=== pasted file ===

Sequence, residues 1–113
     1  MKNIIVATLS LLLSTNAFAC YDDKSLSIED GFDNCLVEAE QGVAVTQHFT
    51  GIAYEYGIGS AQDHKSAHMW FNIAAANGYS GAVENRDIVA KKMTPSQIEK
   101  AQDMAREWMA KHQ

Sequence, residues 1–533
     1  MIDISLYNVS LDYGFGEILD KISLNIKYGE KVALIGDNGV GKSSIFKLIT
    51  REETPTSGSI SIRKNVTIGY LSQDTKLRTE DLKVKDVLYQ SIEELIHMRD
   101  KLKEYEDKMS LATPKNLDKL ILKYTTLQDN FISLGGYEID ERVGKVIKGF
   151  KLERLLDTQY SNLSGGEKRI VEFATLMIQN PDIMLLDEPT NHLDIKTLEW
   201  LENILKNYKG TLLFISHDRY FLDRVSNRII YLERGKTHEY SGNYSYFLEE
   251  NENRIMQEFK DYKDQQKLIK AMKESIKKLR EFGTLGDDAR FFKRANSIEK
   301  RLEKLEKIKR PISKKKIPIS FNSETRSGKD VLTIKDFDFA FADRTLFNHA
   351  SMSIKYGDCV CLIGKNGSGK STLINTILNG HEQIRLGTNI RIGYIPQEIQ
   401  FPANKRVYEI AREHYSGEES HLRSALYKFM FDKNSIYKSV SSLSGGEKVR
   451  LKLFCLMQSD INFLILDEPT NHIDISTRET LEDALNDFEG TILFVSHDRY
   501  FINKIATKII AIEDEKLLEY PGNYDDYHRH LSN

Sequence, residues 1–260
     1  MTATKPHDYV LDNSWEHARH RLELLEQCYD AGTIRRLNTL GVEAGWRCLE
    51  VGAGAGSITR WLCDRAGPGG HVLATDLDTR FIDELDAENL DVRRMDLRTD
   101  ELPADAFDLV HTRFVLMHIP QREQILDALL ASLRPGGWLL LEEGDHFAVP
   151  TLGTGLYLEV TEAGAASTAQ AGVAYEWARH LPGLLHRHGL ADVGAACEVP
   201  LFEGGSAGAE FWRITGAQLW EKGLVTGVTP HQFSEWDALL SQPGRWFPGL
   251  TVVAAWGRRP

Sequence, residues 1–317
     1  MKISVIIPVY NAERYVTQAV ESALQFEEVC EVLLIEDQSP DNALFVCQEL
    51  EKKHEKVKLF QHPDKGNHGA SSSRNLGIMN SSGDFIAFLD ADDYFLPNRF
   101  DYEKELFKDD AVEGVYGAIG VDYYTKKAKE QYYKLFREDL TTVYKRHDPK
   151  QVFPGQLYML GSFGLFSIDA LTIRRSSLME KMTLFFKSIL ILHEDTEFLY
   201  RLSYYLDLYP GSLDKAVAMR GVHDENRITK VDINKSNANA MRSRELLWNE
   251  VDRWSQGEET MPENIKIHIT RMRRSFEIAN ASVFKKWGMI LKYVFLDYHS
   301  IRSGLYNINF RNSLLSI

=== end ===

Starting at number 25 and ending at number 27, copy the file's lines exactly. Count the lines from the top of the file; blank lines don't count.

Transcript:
     1  MKISVIIPVY NAERYVTQAV ESALQFEEVC EVLLIEDQSP DNALFVCQEL
    51  EKKHEKVKLF QHPDKGNHGA SSSRNLGIMN SSGDFIAFLD ADDYFLPNRF
   101  DYEKELFKDD AVEGVYGAIG VDYYTKKAKE QYYKLFREDL TTVYKRHDPK